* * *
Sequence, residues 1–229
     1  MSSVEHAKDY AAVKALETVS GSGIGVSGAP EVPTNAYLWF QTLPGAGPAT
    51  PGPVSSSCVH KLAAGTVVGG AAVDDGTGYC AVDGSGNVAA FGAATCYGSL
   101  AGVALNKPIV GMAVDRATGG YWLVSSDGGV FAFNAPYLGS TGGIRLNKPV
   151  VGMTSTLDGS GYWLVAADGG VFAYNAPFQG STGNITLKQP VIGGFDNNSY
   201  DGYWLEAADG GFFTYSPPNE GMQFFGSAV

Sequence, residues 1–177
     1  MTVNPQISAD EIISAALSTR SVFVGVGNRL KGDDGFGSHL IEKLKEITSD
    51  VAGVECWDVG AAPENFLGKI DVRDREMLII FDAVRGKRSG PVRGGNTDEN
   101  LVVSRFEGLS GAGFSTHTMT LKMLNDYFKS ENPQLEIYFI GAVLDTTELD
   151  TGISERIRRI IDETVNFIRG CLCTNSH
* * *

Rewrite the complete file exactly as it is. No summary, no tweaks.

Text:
Sequence, residues 1–229
     1  MSSVEHAKDY AAVKALETVS GSGIGVSGAP EVPTNAYLWF QTLPGAGPAT
    51  PGPVSSSCVH KLAAGTVVGG AAVDDGTGYC AVDGSGNVAA FGAATCYGSL
   101  AGVALNKPIV GMAVDRATGG YWLVSSDGGV FAFNAPYLGS TGGIRLNKPV
   151  VGMTSTLDGS GYWLVAADGG VFAYNAPFQG STGNITLKQP VIGGFDNNSY
   201  DGYWLEAADG GFFTYSPPNE GMQFFGSAV

Sequence, residues 1–177
     1  MTVNPQISAD EIISAALSTR SVFVGVGNRL KGDDGFGSHL IEKLKEITSD
    51  VAGVECWDVG AAPENFLGKI DVRDREMLII FDAVRGKRSG PVRGGNTDEN
   101  LVVSRFEGLS GAGFSTHTMT LKMLNDYFKS ENPQLEIYFI GAVLDTTELD
   151  TGISERIRRI IDETVNFIRG CLCTNSH